Archive by Author | Andreas Wieland

Sustainable Business Models Require a Revolution of SCM

The United Nations Conference on Climate Change (COP 21) has begun near Paris today. Let us hope it does not fail again – like too many other conferences before. Indeed, time is slipping away and the world will face a bleak future if we do not act now. (A prediction of this future can be found in Stager’s (2015) recent comment.) What we will see are totally new business models or as Unruh (2015) puts it in a nutshell: “A rule-of-thumb I give managers is that if your sustainability performance indicators only improve when customers use your product less often, it means you’re in trouble.” But if business will not be as usual, we cannot afford to manage supply chains the same way as before. Rather we need to revolutionize our supply chain toolset. I expect that a large part of our future research projects will be about how supply chains, as the backbones of business, can make CO2-neutral business models happen.

Supply Chain Scholars, it is Time to Matter in Today’s Debates!

Journal rankings, h indices and citation counts have become the currencies of SCM scholars. But is this really what we should focus on? What about taking part in public debates? Indeed, SCM scholars have a lot of knowledge about the context of global business, including knowledge about social practices in low-cost countries, the pros and cons of outsourcing, and CO2 emissions in end-to-end networks. So, we have a lot to say that matters beyond academia! In their evocative comment, Prof, No One is Reading You, Biswas & Kirchherr (2015) argue: “An average academic journal article is read in its entirety by about 10 people. To shape policy, professors should start penning commentaries in popular media.” In a similar vein, Kristof (2014) in his comment Professors, We Need You! argues: “[Some] of the smartest thinkers […] are university professors, but most of them just don’t matter in today’s great debates.” We should wake up and make an impact!

Video Archive of Leading Logistics and SCM Scholars

It is certainly very insightful to read papers or books written by the leading scholars of our field. But wouldn’t it be even more interesting to watch videos with them talking about their careers, the development of our discipline and their personal contributions to this development? In the last couple of years, James Stock – who himself made a huge contribution to our discipline – conducted a series of interviews with leading logistics and SCM scholars. Both videos and transcripts of the interviews are available in his Video Archive of Leading Academic Business Scholars. This archive includes interviews conducted with Ken Ackerman, Daniel Wren, Bernard J. LaLonde, Donald J. Bowersox, James L. Heskett, Tom Speh, John T. Mentzer and John Langley. Sadly, some of these scholars have since passed away, but I am sure that their thoughts, as recorded in these interviews, will serve as a legacy for future generations of logistics and SCM scholars.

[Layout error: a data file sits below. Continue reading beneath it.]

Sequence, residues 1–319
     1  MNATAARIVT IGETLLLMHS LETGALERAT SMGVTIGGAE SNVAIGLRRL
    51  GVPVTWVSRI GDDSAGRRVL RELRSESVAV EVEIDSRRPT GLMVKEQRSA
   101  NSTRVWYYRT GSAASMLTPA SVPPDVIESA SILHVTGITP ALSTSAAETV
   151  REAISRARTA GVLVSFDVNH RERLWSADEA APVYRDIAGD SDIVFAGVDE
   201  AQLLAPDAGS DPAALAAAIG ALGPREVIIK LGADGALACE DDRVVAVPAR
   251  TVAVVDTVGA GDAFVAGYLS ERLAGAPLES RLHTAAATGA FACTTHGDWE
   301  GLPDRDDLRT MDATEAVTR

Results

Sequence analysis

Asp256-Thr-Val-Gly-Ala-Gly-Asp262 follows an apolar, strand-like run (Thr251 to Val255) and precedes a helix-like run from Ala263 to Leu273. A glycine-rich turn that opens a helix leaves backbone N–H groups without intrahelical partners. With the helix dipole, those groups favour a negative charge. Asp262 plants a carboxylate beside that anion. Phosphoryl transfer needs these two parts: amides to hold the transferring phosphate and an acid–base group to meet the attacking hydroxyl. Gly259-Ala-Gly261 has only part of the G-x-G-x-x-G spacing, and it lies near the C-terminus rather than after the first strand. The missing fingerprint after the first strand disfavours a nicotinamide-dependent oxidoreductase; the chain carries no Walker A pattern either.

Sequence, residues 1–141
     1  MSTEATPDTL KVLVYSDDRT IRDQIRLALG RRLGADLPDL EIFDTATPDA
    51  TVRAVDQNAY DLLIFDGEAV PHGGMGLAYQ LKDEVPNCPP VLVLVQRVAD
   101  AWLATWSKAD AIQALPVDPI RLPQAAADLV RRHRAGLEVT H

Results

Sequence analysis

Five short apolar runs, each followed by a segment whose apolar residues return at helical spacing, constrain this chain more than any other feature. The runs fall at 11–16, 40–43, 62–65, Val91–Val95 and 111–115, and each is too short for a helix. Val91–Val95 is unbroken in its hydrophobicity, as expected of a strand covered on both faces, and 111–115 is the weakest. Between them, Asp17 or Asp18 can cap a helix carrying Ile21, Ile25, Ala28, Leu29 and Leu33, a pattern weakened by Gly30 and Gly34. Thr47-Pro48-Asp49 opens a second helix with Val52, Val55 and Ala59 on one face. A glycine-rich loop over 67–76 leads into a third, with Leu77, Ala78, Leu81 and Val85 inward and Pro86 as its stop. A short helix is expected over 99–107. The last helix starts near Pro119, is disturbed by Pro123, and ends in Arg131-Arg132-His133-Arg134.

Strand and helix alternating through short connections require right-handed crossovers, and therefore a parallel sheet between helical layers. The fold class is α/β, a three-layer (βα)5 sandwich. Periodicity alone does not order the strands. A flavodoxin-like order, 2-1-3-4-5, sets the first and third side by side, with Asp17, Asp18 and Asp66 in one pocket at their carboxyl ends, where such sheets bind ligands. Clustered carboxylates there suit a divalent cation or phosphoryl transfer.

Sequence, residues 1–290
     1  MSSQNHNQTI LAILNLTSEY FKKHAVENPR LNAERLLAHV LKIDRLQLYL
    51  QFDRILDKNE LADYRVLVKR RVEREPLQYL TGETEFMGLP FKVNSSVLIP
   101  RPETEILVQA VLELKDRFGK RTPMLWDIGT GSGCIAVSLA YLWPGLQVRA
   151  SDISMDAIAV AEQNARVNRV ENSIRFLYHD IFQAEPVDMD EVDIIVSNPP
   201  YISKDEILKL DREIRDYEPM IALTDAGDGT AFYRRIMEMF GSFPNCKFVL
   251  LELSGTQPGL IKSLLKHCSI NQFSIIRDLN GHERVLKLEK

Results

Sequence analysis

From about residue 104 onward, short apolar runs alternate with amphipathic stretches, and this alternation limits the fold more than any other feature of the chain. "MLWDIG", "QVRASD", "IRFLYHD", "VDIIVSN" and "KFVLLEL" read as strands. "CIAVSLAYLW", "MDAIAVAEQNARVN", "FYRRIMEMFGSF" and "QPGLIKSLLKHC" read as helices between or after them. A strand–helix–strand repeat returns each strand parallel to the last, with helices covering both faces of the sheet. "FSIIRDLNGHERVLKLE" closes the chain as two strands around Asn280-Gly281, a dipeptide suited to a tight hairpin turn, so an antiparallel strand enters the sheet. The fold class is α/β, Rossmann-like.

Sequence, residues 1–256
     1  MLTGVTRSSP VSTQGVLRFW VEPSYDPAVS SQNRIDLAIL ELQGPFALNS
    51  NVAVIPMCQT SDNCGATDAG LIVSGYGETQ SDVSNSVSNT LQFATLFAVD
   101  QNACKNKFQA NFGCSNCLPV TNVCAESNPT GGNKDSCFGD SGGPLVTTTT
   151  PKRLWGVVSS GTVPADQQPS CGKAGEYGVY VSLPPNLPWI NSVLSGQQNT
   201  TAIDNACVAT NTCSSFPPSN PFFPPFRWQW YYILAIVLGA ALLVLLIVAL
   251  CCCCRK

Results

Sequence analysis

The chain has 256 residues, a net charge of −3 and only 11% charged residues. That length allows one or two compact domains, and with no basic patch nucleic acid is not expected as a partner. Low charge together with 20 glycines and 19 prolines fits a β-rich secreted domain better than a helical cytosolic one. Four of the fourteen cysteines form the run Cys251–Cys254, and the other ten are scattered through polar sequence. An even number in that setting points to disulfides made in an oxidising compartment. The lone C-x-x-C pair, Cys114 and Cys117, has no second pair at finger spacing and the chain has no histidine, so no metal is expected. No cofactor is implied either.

Introducing the International Journal of Logistics: Research & Applications (Guest Post by the Editor-in-Chief)

In today’s guest post, Andrew Lyons, one of the two new Editors-in-Chief of the International Journal of Logistics: Research & Applications (IJoL) provides an introduction to his journal.

The International Journal of Logistics: Research & Applications (IJoL) publishes original and challenging work that has a clear applicability to the business world. As a result the journal publishes work that is original and academically rigorous that has also demonstrated to have made a positive impact on supply chains or has clear potential to be of significant practical value. High quality contributions are therefore welcomed from both academics and professionals working in the field of logistics and supply chain management. Papers should further our understanding of logistics and supply chain management and make a significant original contribution to knowledge. In this context the term “logistics” is taken in its broadest context as “the management of processes, flow of materials and associated information along the entire supply chain, from raw materials through to the final user of the product”. The journal covers all aspects of logistics and supply chain management. All published research articles in this journal have undergone rigorous peer review, based on initial editor screening and anonymous refereeing by independent expert referees.